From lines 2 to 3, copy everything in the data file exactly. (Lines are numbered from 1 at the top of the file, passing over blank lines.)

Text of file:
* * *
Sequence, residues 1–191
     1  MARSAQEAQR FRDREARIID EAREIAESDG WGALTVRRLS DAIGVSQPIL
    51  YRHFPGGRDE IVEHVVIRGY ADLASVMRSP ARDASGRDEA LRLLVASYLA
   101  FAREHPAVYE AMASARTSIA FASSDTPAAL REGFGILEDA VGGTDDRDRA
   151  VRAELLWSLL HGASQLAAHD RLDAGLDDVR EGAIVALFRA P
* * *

     1  MARSAQEAQR FRDREARIID EAREIAESDG WGALTVRRLS DAIGVSQPIL
    51  YRHFPGGRDE IVEHVVIRGY ADLASVMRSP ARDASGRDEA LRLLVASYLA